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Health Auxiliary looking for new members


Since forming almost 70 years ago, on April 26, 1949, the Swan River Valley Health Auxiliary (SRVHA) – which has historically been made up completely of women – has raised countless dollars for healthcare in the Valley and contributed immeasurable amounts of time, resources and love to the patients who have walked through the doors of the Swan Valley Health facilities during that time.
“Three years after forming, the average membership was 300 (people) and the group had raised $16,353,” longtime SRVHA member Grace Livingstone said in a feature article done on the group in 2015. “Twenty locals were formed in districts (outside of Swan River) called aids and each aid worked along with the central aid to raise money for furnishings for the newly built hospital.”
Livingstone added that each of these districts made quilts, diapers, nightgowns which were brought in monthly before starting over again.
“Fundraising was made by having tag days, serving at banquets and hosting variety concerts, and silver teas,” she continued reading. “We also had a pantry shower each year.”
Using the funds raised, the group purchased new bed mattresses, oxygen tents, fridges, stoves, televisions, blood pressure apparatus, desk bells, children’s playroom furnishings and many more items that were used to assist staff and ensure patient comfort during their stay in hospital.
“We used to do a lot of sewing and repairs to sheets and night wear,” said Livingstone, noting that these services are no longer needed because it’s a throw away world now. “We also used to bring in fresh vegetables for the kitchen and help get them ready, but, due to health regulations, this is no longer allowed.”
In the past 10 years the SRVHA has raised approximately $144,775, which has gone entirely back to the Swan Valley Health Centre (SVHC) with the exception of $500 given to a graduating SVRSS student each year.
Some of the more recent items include a 24 hour blood pressure monitor for outpatients, bariatric wheelchair scale, locking medical carts, vital sign monitors and a bladder scanner. The group will continue to work toward the lists of equipment needs that SVHC Care Team Manager Karen Clever provides for them.
“I can’t say enough good things about this group,” said Clever. “We, at the facility, and our community are so fortunate to have their continued support.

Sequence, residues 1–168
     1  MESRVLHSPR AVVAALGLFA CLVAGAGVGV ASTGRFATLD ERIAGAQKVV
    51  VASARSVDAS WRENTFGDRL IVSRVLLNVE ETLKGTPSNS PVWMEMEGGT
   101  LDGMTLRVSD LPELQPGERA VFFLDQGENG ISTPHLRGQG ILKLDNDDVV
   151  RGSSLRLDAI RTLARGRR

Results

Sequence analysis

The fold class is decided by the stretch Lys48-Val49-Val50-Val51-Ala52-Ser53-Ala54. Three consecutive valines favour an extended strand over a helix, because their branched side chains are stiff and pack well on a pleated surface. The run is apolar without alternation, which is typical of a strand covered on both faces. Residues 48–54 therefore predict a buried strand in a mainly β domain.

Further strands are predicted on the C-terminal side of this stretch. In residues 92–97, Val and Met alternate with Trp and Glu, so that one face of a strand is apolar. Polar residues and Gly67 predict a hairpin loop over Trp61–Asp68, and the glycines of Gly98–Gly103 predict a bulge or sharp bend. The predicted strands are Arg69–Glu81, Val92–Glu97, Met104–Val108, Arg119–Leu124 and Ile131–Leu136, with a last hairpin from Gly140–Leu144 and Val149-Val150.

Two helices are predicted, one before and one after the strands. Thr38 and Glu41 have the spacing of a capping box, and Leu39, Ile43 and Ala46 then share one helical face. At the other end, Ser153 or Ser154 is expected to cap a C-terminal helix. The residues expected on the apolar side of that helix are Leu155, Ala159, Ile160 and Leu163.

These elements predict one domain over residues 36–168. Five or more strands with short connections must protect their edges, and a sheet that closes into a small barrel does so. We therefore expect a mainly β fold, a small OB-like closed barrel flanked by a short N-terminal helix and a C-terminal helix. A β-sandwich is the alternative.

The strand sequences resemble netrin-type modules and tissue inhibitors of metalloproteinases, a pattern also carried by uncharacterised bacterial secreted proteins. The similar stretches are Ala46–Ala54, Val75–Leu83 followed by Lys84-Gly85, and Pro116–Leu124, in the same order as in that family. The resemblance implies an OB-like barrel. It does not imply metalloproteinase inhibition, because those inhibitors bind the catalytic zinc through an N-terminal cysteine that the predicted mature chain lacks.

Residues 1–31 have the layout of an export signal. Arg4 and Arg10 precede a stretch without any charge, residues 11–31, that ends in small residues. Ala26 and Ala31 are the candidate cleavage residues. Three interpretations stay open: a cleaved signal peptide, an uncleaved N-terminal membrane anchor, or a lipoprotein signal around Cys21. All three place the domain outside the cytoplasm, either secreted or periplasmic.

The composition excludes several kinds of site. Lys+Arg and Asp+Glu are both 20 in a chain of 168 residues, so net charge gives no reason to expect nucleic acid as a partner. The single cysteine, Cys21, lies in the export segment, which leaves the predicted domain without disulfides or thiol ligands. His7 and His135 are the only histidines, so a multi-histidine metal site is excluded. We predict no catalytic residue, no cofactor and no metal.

“They allow us to get equipment that we need which we might not have received otherwise, simply due to budgetary restrains.”
Continuing with popular fundraisers like bake sales and raffles, the annual strawberry teas, and assisted by donations made through memorial envelopes at funerals and the concessions, the SRVHA hope to continue their work well into the future.
They are working hard to make sure they stay active and don’t become a thing of the past. They’re hoping to breathe new life into the organization and attract some youthful members with fresh ideas.
Sadly, due to lack of members the group has had to significantly reduce the hours their concession is open, impacting the amount of money they are able to bring in to the organization.
“When we had more members we had it open every day but I think it’s only three days a week now because of lack of people to work,” said SRVHA Secretary Gloria Kutynec.
Like many volunteer organizations out there the SRVHA is looking for new members. But, unlike some of those groups, the level of commitment required is minimal.
“Everybody has gifts and it doesn’t matter who comes they all have their unique gifts to give,” said Kutynec, noting that some like to knit and crochet items to sell while others like to work in the concession. “There is no age requirement and we only meet once a month.
“We don’t ask that you have to participate in all of our events and meetings – we just want you to help out where you can.”
For those looking to join the process is easy, just simply show up in the lobby of the SVHC on the first Thursday of the month at 2 p.m. and you will find the crew waiting to be admitted up to the facility’s upper-level board room.
Everybody is welcome,” Kutynec said. “Anyone can come and sit in at a meeting and see what we’re all about without having to commit.
“We never know when we’re going to need to be in hospital and it’s nice to know that the equipment is up to date and that there is a very worthwhile organization who cares about the community making life for staff and patients easier.”